Quill is actually designed to be make use of all available screen estate, so the fullscreen screenshots are necessarily rather large images. They were taken on a 1366x768 laptop monitor. Click on the thumbnail to see the full image at native resolution.

The left hand side is the editor, of course; in this case, the right hand side is not the editor; it is a live preview of what a rendered page will look like on the right hand side. This preview is drawn with the same Cairo code that is used to render the PDFs, so you get an accurate representation of how your page is going to layout on paper.

Here's a close up of the preview:

Look familiar?

The Preview comes up (or refreshes) when you press F5.

Help

Here we can see the main help screen, showing the accelerators used for applying semantic markup:

Navigating via the Outline

Since figuring out where you are in a large document is often challenging, integral to Quill is an Outline function, giving you an overview of the document structure along with information about which file each chapter is stored in along with current word count.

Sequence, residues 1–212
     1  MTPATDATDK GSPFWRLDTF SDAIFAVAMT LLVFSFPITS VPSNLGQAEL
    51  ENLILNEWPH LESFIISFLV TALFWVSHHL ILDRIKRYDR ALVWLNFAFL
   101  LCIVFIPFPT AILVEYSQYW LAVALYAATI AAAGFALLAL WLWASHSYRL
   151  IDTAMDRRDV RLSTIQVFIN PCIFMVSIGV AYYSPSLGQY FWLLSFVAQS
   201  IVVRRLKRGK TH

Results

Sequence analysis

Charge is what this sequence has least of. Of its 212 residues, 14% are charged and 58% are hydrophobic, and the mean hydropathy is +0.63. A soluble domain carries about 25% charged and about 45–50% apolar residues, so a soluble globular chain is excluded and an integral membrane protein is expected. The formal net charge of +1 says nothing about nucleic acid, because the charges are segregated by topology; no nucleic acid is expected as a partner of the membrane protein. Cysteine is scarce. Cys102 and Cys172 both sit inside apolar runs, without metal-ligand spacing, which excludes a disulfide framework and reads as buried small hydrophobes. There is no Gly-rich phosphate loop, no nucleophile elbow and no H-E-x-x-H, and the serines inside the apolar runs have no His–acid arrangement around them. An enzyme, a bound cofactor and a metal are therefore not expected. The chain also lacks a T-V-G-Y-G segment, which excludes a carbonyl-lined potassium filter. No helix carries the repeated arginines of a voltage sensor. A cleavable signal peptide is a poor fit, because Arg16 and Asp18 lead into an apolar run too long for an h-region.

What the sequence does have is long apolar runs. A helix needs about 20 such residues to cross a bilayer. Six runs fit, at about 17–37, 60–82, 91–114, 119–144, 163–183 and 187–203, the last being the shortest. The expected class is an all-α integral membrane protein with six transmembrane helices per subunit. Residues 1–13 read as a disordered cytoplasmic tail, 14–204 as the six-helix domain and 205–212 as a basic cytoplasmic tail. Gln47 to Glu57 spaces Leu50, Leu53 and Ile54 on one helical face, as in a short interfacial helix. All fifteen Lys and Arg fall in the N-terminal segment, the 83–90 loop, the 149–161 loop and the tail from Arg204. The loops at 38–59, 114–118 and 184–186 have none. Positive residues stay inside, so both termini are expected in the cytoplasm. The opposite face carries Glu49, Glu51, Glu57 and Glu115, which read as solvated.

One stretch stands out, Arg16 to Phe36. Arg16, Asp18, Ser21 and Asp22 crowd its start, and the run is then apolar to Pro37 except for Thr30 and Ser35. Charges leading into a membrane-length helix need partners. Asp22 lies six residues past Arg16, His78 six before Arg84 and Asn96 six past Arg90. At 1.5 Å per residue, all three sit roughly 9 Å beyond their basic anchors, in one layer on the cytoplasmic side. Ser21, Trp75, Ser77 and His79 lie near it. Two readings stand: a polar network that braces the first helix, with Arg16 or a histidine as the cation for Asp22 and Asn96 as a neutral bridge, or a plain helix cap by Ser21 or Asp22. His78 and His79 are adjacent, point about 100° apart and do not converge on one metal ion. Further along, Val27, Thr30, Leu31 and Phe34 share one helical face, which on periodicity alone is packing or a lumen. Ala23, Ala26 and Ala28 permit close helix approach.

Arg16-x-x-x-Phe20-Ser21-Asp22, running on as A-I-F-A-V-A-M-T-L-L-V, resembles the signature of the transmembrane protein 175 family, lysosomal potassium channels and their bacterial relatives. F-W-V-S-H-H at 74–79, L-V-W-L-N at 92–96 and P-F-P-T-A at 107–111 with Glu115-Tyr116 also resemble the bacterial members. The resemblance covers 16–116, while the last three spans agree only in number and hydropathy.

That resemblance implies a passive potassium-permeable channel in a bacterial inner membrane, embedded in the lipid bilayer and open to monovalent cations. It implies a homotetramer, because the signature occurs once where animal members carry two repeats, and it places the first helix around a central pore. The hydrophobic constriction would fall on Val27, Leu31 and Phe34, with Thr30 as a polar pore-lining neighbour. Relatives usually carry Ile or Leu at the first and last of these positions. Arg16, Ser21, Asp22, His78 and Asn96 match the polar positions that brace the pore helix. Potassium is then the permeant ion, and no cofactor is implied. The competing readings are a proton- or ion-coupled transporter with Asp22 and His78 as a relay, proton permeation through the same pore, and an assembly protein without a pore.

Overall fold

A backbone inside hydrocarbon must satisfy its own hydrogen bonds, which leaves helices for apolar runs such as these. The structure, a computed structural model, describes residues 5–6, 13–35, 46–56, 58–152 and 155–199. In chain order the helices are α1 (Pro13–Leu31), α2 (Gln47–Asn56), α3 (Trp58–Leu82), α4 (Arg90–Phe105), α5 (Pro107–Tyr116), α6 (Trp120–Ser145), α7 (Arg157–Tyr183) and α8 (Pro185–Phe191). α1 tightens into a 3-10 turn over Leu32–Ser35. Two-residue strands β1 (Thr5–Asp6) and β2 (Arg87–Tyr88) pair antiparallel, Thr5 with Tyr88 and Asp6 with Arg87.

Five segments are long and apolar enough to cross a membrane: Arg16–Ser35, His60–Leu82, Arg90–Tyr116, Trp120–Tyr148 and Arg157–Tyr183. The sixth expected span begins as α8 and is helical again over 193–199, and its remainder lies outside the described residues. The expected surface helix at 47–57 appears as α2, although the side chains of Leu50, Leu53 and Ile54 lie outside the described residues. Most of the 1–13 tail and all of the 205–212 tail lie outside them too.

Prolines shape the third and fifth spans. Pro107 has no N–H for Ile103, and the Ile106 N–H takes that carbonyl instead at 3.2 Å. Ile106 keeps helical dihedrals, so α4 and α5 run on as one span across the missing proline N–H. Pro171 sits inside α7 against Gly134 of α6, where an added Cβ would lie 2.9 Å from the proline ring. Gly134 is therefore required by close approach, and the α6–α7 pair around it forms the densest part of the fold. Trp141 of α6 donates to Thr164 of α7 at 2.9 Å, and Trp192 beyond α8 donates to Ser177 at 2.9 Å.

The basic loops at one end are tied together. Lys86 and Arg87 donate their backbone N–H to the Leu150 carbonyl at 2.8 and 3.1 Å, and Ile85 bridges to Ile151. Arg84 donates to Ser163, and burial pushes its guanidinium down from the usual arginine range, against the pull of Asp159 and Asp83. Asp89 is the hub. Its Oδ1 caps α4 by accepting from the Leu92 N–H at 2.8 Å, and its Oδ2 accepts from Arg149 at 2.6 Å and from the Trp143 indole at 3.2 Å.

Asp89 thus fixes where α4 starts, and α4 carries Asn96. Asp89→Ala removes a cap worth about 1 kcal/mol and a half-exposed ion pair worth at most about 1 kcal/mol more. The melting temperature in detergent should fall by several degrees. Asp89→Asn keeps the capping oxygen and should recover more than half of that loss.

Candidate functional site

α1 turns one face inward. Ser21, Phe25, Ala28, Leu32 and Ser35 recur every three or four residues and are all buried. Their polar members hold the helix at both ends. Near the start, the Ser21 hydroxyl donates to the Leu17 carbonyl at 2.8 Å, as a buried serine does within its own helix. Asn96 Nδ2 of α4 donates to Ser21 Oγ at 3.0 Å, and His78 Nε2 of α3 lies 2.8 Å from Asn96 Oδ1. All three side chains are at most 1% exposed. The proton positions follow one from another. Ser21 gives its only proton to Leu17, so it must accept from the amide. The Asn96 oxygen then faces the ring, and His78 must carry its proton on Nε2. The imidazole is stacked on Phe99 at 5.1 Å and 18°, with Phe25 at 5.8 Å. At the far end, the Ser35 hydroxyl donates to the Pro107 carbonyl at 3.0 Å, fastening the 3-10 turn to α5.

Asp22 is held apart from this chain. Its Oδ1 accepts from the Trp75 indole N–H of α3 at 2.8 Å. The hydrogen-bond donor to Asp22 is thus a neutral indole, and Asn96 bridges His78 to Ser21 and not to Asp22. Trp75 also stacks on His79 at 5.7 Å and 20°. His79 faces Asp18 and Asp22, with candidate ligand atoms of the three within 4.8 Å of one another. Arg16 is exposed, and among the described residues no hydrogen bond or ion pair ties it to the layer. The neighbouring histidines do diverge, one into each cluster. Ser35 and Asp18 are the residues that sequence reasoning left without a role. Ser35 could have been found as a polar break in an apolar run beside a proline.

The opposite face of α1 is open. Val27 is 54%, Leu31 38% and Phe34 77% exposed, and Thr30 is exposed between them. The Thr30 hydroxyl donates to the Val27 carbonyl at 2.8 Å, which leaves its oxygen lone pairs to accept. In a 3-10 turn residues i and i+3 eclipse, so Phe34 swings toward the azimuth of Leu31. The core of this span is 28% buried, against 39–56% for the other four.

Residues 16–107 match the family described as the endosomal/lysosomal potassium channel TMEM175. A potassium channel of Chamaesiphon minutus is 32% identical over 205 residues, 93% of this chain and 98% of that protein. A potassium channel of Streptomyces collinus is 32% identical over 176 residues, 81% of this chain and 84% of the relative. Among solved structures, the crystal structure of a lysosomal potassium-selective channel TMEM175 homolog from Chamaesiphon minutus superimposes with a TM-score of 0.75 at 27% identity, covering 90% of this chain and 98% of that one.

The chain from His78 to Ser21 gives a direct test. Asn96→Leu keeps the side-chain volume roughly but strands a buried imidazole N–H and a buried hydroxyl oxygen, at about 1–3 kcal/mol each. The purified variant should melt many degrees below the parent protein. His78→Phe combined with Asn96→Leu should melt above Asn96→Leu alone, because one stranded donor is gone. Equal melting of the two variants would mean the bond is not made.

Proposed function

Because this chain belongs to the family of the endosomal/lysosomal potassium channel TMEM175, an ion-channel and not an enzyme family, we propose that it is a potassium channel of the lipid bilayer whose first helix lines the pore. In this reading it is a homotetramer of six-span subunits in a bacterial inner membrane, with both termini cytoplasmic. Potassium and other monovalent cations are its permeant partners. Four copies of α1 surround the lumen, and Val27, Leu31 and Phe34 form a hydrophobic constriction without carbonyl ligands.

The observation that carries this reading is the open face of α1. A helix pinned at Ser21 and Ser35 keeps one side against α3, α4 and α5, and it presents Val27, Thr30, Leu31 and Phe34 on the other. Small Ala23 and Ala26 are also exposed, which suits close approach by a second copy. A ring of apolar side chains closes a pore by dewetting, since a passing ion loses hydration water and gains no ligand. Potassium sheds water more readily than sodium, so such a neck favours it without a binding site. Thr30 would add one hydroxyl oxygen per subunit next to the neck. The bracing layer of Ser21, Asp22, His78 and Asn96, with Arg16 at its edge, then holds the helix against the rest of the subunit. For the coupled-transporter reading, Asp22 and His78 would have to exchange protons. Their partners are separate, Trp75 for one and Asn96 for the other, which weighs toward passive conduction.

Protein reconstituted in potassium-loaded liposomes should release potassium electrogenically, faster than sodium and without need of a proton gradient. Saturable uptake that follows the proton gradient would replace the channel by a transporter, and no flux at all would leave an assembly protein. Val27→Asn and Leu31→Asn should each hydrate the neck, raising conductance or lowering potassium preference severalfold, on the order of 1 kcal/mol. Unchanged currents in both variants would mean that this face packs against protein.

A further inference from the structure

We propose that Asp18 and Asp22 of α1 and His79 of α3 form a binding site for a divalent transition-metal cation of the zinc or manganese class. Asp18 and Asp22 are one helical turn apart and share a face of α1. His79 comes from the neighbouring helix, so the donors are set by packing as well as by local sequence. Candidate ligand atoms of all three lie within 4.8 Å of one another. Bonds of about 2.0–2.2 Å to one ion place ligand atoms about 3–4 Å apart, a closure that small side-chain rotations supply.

You can see that the left hand side is still the Editor. You can also see an image with a caption that has been added. And lots of spelling mistakes highlighted; apparently artificially generated Latin isn't a language I have a spelling dictionary for. :).

Pressing F6 will get you to the Outline.

Here's the Outline from a somewhat more complex document. You can see the underlying filenames, the component word counts, and a schematic representation of the content of each chapter:

The chapter and section headings are buttons; clicking on one of them will jump you to that location in the editor.